Up@dawn 2.0

Monday, March 13, 2017

Drugs are killing so many people in West Virginia that the state can’t keep up with the funerals

Source here

West Virginia, unlike most other states, has a program that provides burial assistance for poor families. The total assistance averages $1,250 per burial. For the past two years, the allotted annual budget of roughly two million dollars has been exhausted in March.

The state’s Department of Health and Human Resources spokesperson didn’t comment or speculate as to the cause of the deficit, but West Virginian funeral home directors have no quarrels with blaming the growing problem on drug overdoses. The same people would also tell you that, contrasting with other low-income deaths, nearly all of these drug overdose incidents rely upon the burial assistance program. “In 2015, according to the Centers for Disease Control and Prevention, West Virginia's drug overdose death rate stood at 41.5 cases per 100,000 residents, the highest rate in the country and nearly three times the national average. In 1999, the state's overdose fatality rate was below average.”

The cause of this exponential increase? Between 2007 and 2012, the same years that the drug overdose statistics began their uncontrollable climb, drug wholesalers trafficked 780 million doses of hydrocodone and oxycodone to West Virginia. That amount is enough to give every man, woman, and child in West Virginia 433 pain pills. The Charleston Gazette-Mail investigation that provided those statistics also claimed that those pills took 1,700 lives during that period of time.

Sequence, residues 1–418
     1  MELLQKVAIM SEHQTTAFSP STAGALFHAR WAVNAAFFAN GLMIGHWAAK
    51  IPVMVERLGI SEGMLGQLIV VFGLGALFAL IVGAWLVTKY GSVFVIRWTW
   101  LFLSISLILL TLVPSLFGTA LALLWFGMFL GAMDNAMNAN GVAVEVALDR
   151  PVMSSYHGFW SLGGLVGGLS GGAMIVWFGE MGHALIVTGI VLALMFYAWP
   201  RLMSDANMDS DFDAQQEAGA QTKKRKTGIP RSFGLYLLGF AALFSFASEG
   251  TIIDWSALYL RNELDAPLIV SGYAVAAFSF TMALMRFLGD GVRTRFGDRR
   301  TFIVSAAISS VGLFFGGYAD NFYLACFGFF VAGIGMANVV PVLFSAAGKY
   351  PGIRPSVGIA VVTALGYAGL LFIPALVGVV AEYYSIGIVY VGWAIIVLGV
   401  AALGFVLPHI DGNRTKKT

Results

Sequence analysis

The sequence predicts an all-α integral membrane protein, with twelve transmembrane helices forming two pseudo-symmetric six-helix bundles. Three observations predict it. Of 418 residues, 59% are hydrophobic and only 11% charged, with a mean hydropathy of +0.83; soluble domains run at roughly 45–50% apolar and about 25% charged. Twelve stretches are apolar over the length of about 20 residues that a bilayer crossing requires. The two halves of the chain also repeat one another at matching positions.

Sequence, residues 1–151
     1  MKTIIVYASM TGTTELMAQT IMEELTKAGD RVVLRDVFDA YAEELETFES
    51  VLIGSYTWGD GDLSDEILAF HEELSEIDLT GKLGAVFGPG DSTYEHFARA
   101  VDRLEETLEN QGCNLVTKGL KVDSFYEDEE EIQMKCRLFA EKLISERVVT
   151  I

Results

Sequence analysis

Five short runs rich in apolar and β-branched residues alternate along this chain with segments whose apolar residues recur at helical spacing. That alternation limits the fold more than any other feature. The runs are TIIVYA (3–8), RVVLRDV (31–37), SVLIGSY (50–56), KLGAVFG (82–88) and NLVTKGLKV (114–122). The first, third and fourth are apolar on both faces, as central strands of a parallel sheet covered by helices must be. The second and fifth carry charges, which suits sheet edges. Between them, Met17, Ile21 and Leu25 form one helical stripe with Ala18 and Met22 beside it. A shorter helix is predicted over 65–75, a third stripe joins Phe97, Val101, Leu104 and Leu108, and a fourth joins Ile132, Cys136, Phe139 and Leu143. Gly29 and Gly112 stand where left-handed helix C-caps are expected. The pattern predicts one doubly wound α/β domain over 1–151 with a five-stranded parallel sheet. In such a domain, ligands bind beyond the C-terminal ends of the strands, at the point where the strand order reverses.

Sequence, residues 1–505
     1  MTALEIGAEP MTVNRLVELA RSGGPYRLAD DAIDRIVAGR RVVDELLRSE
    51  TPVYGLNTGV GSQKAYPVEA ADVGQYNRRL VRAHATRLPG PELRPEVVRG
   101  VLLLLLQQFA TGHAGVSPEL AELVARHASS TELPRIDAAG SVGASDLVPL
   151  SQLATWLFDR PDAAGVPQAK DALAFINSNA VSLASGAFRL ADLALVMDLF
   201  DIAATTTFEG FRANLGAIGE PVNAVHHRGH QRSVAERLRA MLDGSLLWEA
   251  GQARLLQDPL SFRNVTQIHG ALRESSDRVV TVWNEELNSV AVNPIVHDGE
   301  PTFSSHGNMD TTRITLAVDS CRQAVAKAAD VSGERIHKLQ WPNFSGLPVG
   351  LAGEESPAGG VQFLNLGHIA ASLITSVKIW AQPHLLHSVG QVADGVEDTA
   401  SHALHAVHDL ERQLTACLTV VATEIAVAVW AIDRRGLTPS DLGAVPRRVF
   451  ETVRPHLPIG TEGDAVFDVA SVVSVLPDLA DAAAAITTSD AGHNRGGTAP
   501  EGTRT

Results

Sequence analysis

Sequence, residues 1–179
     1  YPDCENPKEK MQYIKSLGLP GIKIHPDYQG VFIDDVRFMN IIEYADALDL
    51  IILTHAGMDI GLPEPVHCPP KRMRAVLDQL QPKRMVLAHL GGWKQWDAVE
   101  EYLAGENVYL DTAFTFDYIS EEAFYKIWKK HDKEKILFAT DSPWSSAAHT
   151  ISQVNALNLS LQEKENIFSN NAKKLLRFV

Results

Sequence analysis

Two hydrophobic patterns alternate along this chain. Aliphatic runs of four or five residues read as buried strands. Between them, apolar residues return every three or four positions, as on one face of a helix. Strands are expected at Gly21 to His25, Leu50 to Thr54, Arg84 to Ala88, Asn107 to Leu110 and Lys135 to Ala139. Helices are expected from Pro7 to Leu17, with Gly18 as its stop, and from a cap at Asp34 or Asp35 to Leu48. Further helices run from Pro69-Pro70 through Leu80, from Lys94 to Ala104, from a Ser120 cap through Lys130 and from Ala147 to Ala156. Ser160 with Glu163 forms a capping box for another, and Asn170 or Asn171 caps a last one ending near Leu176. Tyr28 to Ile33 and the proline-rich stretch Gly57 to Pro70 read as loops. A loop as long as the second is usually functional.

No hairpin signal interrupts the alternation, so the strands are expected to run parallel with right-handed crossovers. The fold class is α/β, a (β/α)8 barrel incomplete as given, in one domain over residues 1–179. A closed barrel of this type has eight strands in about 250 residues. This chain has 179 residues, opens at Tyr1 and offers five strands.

So, it’s easy to see that there are plenty of bioethical concerns intertwined in this story. The most glaringly obvious ethical concern would be the shipment of 780 million doses of opiate pain-killers to a single state. I’m not sure how comfortable I am with the statement of “those specific drugs killed X amount of people,” but I’m not ready to write it off as coincidence, either.

It’s a little scary to think that various companies involved in the process of producing and transporting these pharmaceuticals may have sniffed out an opportunity for profit and completely ignored the ethical ramifications of their actions. It also makes one wonder why these enormous shipments of potentially harmful drugs can be concentrated and transferred unnoticed (at least until years later and after the deaths of thousands).

Whether the drugs were shipped to a storage facility with no malicious intent or to street vendors to distribute and make an unethical profit, there’s a level of accountability that has yet to be attained and is necessary to avoid tragedies like this.

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